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Old 13-10-2016, 04:44   #31
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Re: Is radar like the extinct typewriter?

If you sail at night, in the rain, or in the fog without radar you will probably die.
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Old 13-10-2016, 06:29   #32
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Re: Is radar like the extinct typewriter?

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Originally Posted by MarkJ View Post
Stupidly the OP doesn't say where he is, nor his intentions. But including Fatty in his post probably means a tropical circumnavigation.

On mine there was 2 hours of fog in 30 000 nms.

You don't need a Radar.

If someone is staying in a fog bound area the choice may be different.

But with all troll posts there is little detail so they can attack your thoughts.





Marm
I don't agree with your "don't need a radar" opinion. It's come in handy and spotted objects not on the ais many times especially at night.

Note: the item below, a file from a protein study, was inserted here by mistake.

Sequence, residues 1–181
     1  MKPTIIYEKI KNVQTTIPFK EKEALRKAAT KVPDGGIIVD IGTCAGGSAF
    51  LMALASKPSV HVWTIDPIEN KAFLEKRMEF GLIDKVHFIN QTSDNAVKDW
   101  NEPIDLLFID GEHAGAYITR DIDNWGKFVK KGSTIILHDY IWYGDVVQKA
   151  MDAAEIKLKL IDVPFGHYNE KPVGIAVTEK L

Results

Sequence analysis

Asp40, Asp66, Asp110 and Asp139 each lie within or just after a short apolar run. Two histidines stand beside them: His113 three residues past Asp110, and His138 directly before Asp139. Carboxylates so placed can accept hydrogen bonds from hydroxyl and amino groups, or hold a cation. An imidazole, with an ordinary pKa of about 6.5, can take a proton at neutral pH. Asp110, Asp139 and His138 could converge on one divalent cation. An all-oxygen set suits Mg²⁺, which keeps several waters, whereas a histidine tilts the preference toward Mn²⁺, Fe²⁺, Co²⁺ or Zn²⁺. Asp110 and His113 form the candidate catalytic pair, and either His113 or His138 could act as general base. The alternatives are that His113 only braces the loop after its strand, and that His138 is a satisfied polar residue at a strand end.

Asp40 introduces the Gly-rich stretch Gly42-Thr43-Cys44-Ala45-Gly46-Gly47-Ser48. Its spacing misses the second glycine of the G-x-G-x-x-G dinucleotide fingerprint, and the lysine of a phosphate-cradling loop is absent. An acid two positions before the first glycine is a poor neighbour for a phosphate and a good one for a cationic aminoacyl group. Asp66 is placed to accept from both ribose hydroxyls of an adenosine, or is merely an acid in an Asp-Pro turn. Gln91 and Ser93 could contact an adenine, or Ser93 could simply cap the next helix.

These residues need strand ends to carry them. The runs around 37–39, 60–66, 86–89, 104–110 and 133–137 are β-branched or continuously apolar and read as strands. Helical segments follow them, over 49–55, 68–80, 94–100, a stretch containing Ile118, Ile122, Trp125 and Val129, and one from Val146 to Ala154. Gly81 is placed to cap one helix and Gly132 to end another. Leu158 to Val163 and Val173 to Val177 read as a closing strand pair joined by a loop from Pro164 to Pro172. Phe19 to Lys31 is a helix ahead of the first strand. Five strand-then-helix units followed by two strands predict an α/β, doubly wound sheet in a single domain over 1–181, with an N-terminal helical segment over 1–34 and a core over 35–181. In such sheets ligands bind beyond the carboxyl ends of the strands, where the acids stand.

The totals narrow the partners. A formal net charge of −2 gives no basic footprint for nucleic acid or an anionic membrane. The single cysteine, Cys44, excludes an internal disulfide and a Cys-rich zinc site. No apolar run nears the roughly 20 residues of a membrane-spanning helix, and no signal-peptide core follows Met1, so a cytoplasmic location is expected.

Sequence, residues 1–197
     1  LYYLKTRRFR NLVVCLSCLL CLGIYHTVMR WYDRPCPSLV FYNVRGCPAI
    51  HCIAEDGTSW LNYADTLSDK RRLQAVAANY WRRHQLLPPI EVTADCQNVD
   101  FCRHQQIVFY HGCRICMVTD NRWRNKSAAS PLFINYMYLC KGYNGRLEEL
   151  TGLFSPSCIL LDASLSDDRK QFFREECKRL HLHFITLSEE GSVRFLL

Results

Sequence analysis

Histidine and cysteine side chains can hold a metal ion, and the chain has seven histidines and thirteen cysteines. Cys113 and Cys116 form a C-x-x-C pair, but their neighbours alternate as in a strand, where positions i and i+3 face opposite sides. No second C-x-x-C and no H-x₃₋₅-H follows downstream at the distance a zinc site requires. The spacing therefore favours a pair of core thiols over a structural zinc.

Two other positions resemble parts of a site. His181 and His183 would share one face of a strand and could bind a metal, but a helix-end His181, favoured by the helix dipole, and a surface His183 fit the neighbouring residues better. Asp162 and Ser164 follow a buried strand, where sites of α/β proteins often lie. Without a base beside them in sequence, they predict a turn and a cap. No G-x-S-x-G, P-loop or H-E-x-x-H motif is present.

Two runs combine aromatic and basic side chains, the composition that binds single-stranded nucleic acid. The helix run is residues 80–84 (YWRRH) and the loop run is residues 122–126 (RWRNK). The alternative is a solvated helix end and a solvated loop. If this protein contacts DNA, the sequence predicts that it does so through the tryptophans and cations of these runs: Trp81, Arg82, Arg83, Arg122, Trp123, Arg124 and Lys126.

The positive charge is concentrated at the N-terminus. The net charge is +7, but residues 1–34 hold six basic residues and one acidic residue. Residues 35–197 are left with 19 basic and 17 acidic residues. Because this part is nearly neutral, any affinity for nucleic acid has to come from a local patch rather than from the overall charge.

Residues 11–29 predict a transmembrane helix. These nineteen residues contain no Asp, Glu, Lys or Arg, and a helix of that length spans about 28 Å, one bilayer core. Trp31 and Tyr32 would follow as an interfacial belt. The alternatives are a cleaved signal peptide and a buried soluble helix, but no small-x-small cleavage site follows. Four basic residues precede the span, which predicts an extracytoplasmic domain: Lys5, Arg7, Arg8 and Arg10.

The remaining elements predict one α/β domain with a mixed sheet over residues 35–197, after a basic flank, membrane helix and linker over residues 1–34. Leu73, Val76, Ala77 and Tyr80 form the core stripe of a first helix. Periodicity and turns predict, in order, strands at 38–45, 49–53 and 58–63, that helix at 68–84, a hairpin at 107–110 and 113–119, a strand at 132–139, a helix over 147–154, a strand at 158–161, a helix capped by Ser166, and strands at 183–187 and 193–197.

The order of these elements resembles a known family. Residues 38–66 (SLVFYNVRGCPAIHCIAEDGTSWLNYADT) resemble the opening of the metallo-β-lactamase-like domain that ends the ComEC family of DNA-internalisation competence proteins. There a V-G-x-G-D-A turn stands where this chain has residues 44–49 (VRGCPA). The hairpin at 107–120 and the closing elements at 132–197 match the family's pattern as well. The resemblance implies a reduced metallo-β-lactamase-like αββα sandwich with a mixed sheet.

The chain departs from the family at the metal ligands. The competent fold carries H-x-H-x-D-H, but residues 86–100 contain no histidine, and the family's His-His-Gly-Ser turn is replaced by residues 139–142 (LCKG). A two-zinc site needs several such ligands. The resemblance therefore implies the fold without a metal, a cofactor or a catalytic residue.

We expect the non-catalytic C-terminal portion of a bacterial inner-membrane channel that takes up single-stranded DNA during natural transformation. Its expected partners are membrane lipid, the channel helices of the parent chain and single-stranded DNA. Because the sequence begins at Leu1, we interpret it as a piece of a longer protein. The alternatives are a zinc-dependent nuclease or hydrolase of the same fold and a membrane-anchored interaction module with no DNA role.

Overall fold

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Old 13-10-2016, 06:33   #33
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Re: Is radar like the extinct typewriter?

I like both. Radar is a must, AIS a good aid beyond radar. Helps while on watch at night and in limited visibility really helps. MARPHA is very valuable.


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Old 13-10-2016, 06:55   #34
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Re: Is radar like the extinct typewriter?

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Originally Posted by Numawan View Post
It was a difficult night because the wind was very variable (5 to 25 kts), and of course on the nose, because the rain was reducing visibility to less to 1 NM, and because there were a lot of fishing boats around.

A picture of my AIS screen that night ...
Attachment 132793
What about the boats without AIS? Did you see them? Radar would see them!
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Old 13-10-2016, 08:37   #35
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Re: Is radar like the extinct typewriter?

We were keeping watch. Not seen any boat without AIS that night. On the rest of the trip, the boats without AIS that we saw were all sailing boats.